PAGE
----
That said, I watch the high school kids hang out at my favorite cafe here in the afternoons, and yeah. It's all a big muddle now, but I think the cute little perky emo kids with the bad hair and the black eyeliner (what?!) would totally have been the cute little sulky goth kids with the rad hair and black eyeliner back in my day.
I will now expose my dorkitude for all to see.
In addition to playing Vampire: The Masquerade, I also played Vampire: Live Action Nerdiness, Mage: The Ascension, and Werewolf: the Coke-Bottle-Glasses and Buck-Teeth. White Wolf games was the company of choice among my friends. Followed by FASA.
Cha-ching! Geek cred!
By the way, please bring that picture with you on Friday, Katie. Dianna described the paisley minidress to me a few weeks ago, but I never dreamed I'd get a chance to actually see a picture of its wackiness.
Dude, White Wolf games is teenage angst: lots of ideas that sound good in theory, horribly and awkwardly executed like a 14 year old boy with headgear and a fanny pack trying to do the macarena.
Your theory on the intergenerational parallelism of social movements is quite intriguing. I would only criticize it as incomplete, not innaccurate. In addition to a recurrent trend with different fashion tags, I'd add an emergent trend and a geographical component.
In each generation, there is a heirarchy of teenage subcultures; this heirarchization is in many senses propped up by the involuntary or de facto (or 'de admissions boards' if you will) integration of diverse social populations into public schools and colleges. See e.g. SLC Punk. However, the heirarchization of those subcultures is only as strict as the Postermodern Factor (PF) in any given area will allow. Significantly correlating with a red state/blue state map (with corrections required for urban centers,) PF factor is inversely related to heirarchization and separation of said subcultures.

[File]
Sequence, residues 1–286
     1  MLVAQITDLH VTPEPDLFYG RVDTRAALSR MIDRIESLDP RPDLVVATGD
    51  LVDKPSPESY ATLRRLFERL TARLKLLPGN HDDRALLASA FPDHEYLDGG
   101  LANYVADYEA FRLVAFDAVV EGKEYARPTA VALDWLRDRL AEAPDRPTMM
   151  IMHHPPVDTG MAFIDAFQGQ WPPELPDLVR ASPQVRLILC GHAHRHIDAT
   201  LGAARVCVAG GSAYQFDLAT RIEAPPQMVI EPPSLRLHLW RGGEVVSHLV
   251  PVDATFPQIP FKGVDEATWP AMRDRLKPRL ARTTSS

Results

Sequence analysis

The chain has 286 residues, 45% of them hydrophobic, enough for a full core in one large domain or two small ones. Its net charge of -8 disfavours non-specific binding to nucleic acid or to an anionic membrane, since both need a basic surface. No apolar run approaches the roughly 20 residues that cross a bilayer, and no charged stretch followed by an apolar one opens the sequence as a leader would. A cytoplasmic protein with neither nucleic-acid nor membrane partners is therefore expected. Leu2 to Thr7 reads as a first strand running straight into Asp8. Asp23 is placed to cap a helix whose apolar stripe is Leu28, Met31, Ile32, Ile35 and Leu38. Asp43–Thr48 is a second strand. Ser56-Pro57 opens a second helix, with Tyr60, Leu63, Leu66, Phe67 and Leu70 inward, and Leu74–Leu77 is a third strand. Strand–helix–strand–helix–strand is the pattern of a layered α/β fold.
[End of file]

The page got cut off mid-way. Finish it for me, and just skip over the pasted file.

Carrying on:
Once archetypes are created and actualized, they are pushed into the two higher-PF areas: the west/east coast. The east coast is a critial-phase PF melting pot via its high concentration of secondary schools, and the west coast is a critical phase PF media dissemination center, being the (emergent) epicenter of mass-media cultural products.
Thus in the east coast heirarchization matters less for purposes of mating and interbreeding. See e.g. Revenge of the Nerds. The deemphasis of subculture membership within economic growth areas also plays a role. See e.g. computer science circa 1980. And while the west coast can serve as a reinforcer of current archetypes, see e.g. Madonna circa 1986, old archetypes are modified, parodied, and reenvisioned in ways that would have been impossible in a "real" high school or college environment. The west coast thus renders the individual traits and stylistic nuances of old archetypes 'up for grabs.' See e.g. Happy Days.